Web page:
On Monday, the Treasury Committee unanimously agreed three reports, and in the next week or two, we will be putting them out. A feature of our Committee has been that we have considered the evidence and agreed our reports on the basis of unanimity. The
report that I consider the most important relates to the issue of banks being too big to fail and too important to ignore. Let us remind ourselves that the crisis has cost 25 per cent. of global gross domestic product, and that the reason for the crisis was that financial institutions took part in risky activities that were both mispriced and misallocated. The bail-outs, necessary though they were, have not ended the mispricing.
The bail-outs have shown that there is an implicit subsidy to banks and financial institutions, which is unfair when considered in relation to other businesses. Banking reform is essential, therefore, to ensure a more stable and less volatile system. That is essential in the United Kingdom, where the banking sector is worth 500 per cent. of our GDP. The fact is that we have big banks and limited choice, and as a result we have insufficient lending to non-financial institutions, as anyone who speaks to the CBI, small businesses or the manufacturing industry will hear. Banking reform in the UK is essential.
I urge the Government to ensure that banking reform takes place, irrespective of what is happening elsewhere. The visits undertaken by the Treasury Committee in the past six months to a year, whether to the United States or Europe, have impressed upon me that countries' electorates will not tolerate a second bank bail-out. I suggest to the Government that the test of reform will come when the risk is transferred from the Government to the banking sector, and a large financial institution is allowed to fail smoothly. As others have said, banking is currently in a position where it privatises its profits and socialises its losses. We have to eliminate that practice.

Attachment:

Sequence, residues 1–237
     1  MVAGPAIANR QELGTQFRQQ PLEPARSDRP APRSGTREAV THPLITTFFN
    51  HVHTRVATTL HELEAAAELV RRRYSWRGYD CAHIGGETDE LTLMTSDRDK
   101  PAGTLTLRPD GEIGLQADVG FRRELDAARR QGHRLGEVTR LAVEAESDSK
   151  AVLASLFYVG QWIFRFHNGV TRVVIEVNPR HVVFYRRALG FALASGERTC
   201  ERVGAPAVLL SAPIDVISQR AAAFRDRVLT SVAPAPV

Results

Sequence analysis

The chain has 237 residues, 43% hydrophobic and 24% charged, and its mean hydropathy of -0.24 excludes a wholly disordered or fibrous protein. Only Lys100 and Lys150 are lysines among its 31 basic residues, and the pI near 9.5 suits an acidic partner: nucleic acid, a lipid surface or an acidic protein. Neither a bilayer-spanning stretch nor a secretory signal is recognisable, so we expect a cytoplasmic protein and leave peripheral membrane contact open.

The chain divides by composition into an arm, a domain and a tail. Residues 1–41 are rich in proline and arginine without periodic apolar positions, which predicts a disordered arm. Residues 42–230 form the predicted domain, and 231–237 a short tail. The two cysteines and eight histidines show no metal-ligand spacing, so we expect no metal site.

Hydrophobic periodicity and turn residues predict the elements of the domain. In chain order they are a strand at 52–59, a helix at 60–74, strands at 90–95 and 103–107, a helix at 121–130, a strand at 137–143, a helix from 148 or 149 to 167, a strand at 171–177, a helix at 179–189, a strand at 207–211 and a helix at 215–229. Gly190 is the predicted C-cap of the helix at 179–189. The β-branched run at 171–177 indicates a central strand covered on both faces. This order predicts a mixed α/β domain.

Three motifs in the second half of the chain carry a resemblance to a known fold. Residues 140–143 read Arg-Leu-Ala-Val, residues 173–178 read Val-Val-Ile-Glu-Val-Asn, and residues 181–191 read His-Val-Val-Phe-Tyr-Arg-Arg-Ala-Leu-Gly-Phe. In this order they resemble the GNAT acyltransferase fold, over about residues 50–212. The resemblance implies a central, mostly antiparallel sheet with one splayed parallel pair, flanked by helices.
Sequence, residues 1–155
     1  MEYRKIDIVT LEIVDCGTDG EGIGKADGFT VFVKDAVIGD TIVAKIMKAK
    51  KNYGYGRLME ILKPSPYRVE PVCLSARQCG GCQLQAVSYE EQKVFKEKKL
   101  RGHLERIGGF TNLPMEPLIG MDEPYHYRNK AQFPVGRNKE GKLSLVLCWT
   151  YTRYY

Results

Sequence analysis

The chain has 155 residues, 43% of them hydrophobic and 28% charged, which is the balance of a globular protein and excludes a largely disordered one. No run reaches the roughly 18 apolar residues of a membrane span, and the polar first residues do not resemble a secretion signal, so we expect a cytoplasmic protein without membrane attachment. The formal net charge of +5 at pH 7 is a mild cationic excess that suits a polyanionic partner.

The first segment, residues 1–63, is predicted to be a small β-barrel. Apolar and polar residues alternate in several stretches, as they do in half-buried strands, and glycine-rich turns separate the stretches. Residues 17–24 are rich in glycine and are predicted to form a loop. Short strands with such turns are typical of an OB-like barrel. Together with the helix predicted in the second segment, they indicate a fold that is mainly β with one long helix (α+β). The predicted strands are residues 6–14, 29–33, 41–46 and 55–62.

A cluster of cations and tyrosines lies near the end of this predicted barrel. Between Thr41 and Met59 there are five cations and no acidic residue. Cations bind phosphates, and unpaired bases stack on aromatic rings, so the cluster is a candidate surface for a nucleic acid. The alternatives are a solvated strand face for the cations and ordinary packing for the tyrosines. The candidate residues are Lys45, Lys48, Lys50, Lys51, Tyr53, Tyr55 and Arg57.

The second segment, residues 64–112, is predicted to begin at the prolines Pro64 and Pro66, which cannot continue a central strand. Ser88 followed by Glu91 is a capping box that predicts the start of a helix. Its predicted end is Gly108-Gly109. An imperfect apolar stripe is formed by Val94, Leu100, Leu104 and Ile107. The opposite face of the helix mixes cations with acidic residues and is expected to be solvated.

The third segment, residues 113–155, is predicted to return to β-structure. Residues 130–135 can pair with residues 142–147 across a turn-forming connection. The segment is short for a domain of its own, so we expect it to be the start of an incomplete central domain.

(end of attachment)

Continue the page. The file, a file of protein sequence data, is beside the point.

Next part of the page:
We have to have engagement with the public. At the moment, that engagement is insufficient. In October 2007, the Treasury Committee visited Japan, and I spoke to policymakers at its central bank. They said that we should take back the message that two things are essential: first, that we have to recapitalise our banks-and recapitalise them early-which the Government have done. Secondly, we need a strategy to deal with the public anger, concern and resentment. I have taken that message forward and helped to establish the Future of Banking Commission, which the right hon. Member for Haltemprice and Howden (David Davis) has agreed to chair, and which the hon. Member for Twickenham (Dr. Cable) has agreed to sit on. We also have the eminent economist, Roger Bootle, and others on the commission.